The reliable directed differentiation of iPSCs into cell types that are affected by disease remains a major challenge in the stem cell field. In the case of AD, affected cell types include neurons, astrocytes and microglia [1]. It is commonly thought that glutamatergic and basal forebrain cholinergic neurons are among the neuronal subtypes lost in the early stages of AD, whereas γ-aminobutyric acid transmitting (GABAergic) and additional subtypes are lost by the advanced stages [42]. Although iPSCs readily differentiate into heterogeneous cultures that contain MAP2+ (microtubule associated protein 2 positive) neurons and GFAP+ (glial fibrillary acidic protein positive) astrocytes, most protocols yield cultures that contain a high percentage of uncharacterized cell types and might not consistently yield the same subtypes of neurons.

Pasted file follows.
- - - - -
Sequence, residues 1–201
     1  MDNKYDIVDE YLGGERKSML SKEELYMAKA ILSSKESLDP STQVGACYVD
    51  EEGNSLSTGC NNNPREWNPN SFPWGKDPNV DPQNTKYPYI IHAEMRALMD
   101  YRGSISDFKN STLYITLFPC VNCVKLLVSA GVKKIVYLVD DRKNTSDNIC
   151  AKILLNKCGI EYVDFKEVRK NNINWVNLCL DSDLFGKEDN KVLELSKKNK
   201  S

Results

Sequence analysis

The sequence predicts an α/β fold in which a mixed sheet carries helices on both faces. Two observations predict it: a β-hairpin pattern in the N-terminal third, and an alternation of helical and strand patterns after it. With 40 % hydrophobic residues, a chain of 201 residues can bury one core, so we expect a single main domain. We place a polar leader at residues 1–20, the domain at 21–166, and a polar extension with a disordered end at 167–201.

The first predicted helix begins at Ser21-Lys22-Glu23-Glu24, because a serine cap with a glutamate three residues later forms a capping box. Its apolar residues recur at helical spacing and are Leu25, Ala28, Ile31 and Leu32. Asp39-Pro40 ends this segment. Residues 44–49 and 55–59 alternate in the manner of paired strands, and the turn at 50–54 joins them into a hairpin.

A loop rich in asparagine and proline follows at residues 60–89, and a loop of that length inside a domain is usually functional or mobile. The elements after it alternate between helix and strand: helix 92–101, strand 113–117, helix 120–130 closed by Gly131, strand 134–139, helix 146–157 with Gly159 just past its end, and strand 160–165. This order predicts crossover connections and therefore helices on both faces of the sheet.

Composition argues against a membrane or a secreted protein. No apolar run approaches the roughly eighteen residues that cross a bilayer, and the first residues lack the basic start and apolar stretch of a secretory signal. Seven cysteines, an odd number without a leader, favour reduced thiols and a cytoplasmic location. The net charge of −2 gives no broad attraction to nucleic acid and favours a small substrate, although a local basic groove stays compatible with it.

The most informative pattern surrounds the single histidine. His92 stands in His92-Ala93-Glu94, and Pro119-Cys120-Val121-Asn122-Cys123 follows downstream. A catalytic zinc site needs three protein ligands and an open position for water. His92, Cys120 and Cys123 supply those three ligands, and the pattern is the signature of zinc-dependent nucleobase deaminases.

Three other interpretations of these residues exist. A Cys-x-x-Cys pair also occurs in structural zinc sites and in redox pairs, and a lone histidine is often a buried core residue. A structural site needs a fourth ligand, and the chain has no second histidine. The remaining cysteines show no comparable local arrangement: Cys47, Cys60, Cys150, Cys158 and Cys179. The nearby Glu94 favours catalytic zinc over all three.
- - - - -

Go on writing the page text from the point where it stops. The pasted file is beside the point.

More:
Findings from developmental neuroscience have recently been applied to provide methods to differentiate pluripotent stem cells into electrophysiologically active neurons that resemble glutamatergic and basal forebrain cholinergic subtypes [43-45]. Bissonnette et al. [44] reported a method for differentiating a human embryonic stem cell (hESC) line into neurons that simultaneously expressed the cholinergic marker ChAT (choline acetyltransferase) and forebrain-associated markers, such as p75NTR (neurotrophin receptor). Additionally, some neurons from these cultures, when co-cultured with mouse ex vivo entorhinal-hippocampal cortical slices, were capable of acetylcholine release at nicotinic synapses formed with ex vivo neurons. Marchetto et al. [45], in their study of Rett syndrome using iPSCs, reported the differentiation of iPSCs in vitro into neuronal cultures that contained glutamatergic synapses and were capable of generating spontaneous synaptic activity [45]. These two studies exemplify how pluripotent stem cells can differentiate into functional neurons of subtypes relevant for the study of AD. Furthermore, the spontaneous synaptic activity observed in differentiated neurons hints that iPSC technology can be used to study not only human neurons but also patient-specific neural networks. However, future progress using these methods will rely on either further characterization of the additional cell types present in cultures (both neuronal and non-neuronal) or the development of methods to isolate cell types of interest.